10 Sep / Footnotes in Gaza by Joe Sacco
On this eve of 9/11, I’m in a frustrated funk. Regardless of political, religious, cultural, or ethnic affiliations, I think most Americans are shaking their heads at the state of the world, and definitely not shaking enough hands; not enough of us have been able to turn away from watching an endless loop of the falling Towers all over again and again and again.
Indeed, this week’s intolerance has been overwhelming: the latest issue of Time magazine arrived in our mailbox with a cover screaming “Why Israel Doesn’t Care About Peace” [uh … happy Rosh Hashanah??!!]; the Ground Zero Mosque controversy has hit every media outlet (although thankfully a diverse coalition of young people are finding Common Ground and offering an alternative sanity); and then there’s Pastor Terry Jones of Gainesville, Florida with his incendiary threats … which, ironically, is fueling debates on the ‘correct’ way to spell Koran, Quran, Qur’an. That’s just a few of the headlines this week …
While I don’t mean to use Joe Sacco’s eye-opening, heart-breaking work as a pulpit, I think his Footnotes in Gaza is an apt post for today. Sacco – born in Malta, currently living in Oregon when he’s not traveling, internationally recognized as one of the world’s finest cartoonists ever, best known for his American Book Award-winning Palestine – has built his career documenting death and destruction throughout the world. His is today’s real world of intolerance …
Sent on a Harper’s magazine assignment to the Gaza Strip in 2001 to “focus on how Palestinians in one town – Khan Younis – were coping during the early months of the Second Intifada against the Israeli occupation,” Sacco and his journalist partner uncovered “seemingly the greatest massacre of Palestinians on Palestinian soil.” Their November 1956 discovery was cut by the magazine’s editors, which Sacco found rightfully “galling.”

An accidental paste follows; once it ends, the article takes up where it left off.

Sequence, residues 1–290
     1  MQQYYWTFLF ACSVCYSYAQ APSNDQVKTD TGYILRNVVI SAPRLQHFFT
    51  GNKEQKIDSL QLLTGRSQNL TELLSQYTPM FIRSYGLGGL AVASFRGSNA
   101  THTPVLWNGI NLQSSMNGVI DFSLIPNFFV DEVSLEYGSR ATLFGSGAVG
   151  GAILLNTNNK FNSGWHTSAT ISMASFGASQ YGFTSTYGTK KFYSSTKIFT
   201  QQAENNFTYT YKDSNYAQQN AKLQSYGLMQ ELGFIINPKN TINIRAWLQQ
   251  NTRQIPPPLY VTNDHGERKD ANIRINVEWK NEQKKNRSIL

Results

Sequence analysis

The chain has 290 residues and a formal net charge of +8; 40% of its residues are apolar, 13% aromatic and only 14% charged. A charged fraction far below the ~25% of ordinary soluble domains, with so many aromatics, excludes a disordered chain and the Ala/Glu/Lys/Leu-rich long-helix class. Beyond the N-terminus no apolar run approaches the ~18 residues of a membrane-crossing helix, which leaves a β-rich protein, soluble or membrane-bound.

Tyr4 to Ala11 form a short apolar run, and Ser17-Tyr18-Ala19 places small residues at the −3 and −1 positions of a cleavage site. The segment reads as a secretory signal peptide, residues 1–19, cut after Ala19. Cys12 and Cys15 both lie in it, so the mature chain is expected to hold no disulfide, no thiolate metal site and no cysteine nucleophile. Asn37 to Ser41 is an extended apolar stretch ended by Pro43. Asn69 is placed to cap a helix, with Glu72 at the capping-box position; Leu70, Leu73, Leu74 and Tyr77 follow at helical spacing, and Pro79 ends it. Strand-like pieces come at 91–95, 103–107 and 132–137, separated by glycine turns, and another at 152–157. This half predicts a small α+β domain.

What had previously been relegated to mere footnotes in various reports gets full attention in Sacco’s latest title. As Sacco concurs with one of his interviewees, such events relegated to obscurity prove more important than ever as “they often contain the seeds of the grief and anger that shape present-day events.” Truth hurts.
Between November 2002 and March 2003, Sacco traveled back to Khan Younis and the neighboring town of Rafah, where “a couple of sentences in a U.N. report” led him to another related tragedy of scores of murders. His search for further information about both events is as much of the story here, as he works desperately to recreate the bloody events of November 1956 using eyewitness testimony, official U.N. documents, obscure newspaper reports, even paying two Israeli researchers to go through archives buried deep in the Israeli Defense Force’s military coffers. While details might differ over half a century later, the overall account of events concur: Innocent Palestinian men were shot dead by Israeli soldiers – massacre or mistake will depend on whose ‘side’ you’re on.
Sacco gravely reminds us that while he was immersed in the bloody events of 1956, “Israeli attacks were killing Palestinians, suicide bombers were killing Israelis, and elsewhere in the Middle East the United States was gearing up for war in Iraq.” Meanwhile, contemporary Khan Younis and Rafah remain fighting ground, constantly caught between a vicious cycle of destruction and reclamation from the rubble. Sacco himself becomes his prime eyewitness as his companions and friends vigilantly, selflessly keep him out of the line of neverending fire.
Tomorrow marks the 9th anniversary of 9/11. What will you do?